Although 35 ACP states initiated Economic Partnership Agreements (EPAs) almost a year ago, the negotiations continue. Enough is now known to identify the main changes and plot their likely impact. But this will require country-specific analysis because much depends both on the detail of what each state has agreed and how this relates to its existing and planned policies.There are many differences between the scope and timetable of the EPAs which reflect more what each country could negotiate than any objective 'development criterion'. Moreover, the actual impact will depend on the extent to which EPA provisions restrict existing and planned government policies - and the scope that exists to find new, EPA-consistent ways to achieve the same ends (such as replacing tariffs with other sources of government revenue). There have already been a few case studies but more are needed.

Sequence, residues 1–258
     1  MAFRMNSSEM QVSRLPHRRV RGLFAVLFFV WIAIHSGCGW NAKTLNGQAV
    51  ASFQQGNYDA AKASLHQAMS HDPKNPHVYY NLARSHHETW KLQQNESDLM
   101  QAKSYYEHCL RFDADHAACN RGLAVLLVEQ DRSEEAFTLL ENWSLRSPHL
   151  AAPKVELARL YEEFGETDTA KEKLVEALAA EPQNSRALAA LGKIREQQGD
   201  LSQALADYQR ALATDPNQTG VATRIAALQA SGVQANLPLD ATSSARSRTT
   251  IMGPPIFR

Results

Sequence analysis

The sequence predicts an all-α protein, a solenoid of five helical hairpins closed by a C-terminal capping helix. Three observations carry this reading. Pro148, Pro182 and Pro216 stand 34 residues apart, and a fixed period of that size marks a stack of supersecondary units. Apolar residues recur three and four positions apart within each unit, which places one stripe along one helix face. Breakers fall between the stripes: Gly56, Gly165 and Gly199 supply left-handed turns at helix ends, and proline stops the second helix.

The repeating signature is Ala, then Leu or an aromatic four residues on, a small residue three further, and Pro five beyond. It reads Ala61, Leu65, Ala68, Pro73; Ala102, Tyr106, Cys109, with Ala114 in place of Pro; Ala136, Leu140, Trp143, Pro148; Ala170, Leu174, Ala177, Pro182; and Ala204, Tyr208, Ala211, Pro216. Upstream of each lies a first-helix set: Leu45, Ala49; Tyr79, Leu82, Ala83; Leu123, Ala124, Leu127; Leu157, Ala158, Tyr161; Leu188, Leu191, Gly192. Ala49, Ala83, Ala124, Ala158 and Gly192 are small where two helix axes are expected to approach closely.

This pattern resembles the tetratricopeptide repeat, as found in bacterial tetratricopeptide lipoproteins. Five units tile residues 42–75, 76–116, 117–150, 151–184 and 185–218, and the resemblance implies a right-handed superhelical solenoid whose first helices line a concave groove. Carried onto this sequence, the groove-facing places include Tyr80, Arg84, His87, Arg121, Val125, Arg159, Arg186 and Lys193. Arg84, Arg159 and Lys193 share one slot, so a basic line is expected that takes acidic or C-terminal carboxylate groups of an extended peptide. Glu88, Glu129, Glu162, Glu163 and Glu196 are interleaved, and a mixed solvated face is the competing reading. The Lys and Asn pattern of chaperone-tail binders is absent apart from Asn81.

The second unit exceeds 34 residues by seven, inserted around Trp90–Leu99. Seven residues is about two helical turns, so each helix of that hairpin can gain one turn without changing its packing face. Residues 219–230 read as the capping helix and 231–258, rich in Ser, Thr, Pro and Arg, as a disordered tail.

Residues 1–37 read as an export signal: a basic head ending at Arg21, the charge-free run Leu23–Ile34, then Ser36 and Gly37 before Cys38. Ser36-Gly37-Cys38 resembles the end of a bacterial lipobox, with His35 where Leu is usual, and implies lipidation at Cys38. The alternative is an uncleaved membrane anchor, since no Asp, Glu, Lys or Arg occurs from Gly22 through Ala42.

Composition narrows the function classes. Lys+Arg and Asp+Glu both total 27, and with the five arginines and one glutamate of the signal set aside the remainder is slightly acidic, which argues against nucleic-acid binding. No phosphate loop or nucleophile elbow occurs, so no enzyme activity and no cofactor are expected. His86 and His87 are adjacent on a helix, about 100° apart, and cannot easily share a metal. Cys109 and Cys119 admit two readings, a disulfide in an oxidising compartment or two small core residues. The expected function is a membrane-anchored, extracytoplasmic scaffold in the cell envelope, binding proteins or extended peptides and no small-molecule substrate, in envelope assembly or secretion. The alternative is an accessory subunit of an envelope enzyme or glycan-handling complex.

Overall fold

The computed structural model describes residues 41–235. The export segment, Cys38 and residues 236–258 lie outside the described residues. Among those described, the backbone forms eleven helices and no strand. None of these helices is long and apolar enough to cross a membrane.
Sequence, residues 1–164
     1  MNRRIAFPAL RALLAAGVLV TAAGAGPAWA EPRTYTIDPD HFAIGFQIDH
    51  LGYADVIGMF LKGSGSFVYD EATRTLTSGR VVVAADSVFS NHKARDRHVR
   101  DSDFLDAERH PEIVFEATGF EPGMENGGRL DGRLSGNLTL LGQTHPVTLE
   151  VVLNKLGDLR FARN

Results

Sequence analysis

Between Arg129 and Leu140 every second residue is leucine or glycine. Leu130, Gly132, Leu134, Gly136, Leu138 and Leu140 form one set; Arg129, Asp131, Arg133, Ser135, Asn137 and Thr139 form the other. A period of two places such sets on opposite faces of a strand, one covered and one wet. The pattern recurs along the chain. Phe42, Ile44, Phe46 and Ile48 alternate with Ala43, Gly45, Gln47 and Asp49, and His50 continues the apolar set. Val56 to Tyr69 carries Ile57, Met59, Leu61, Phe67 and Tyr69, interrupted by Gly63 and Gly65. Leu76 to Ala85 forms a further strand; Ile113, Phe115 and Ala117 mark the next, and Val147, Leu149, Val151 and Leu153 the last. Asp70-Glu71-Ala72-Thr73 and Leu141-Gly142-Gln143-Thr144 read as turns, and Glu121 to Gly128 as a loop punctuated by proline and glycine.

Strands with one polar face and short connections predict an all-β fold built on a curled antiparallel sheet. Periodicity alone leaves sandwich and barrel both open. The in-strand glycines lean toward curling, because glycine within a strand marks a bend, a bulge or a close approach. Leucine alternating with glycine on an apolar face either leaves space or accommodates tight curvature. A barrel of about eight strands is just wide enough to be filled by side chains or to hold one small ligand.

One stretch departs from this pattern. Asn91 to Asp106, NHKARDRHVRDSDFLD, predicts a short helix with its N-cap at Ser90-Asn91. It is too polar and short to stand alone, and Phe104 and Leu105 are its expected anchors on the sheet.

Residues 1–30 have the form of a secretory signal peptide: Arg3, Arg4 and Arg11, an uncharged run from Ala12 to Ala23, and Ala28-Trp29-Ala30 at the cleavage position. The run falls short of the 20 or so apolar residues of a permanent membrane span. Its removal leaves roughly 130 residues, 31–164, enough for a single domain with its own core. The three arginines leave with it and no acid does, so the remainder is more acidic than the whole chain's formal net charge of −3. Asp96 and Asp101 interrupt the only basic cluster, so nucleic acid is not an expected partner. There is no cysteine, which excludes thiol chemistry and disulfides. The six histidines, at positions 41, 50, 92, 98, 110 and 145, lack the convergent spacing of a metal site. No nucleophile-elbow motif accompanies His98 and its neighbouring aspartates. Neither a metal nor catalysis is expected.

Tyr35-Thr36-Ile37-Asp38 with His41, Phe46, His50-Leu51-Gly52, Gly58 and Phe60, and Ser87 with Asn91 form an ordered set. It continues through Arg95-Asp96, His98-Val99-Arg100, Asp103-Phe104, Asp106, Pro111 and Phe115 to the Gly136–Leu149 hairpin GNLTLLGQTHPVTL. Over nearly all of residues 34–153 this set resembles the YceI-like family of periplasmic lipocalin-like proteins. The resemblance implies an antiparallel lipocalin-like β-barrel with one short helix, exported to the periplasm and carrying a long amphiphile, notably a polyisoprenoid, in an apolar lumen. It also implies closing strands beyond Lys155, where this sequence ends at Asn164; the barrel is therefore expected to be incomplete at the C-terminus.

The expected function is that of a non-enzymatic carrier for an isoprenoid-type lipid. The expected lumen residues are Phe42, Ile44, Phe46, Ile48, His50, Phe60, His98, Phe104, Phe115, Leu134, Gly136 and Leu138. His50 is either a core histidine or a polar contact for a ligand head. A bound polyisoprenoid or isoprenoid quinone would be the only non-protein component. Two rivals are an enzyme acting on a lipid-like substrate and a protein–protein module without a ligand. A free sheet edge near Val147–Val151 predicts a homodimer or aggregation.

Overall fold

Dr. Christopher Stevens
Director of International Economic Programmes
Overseas Development Institute - ODI
London, United Kingdom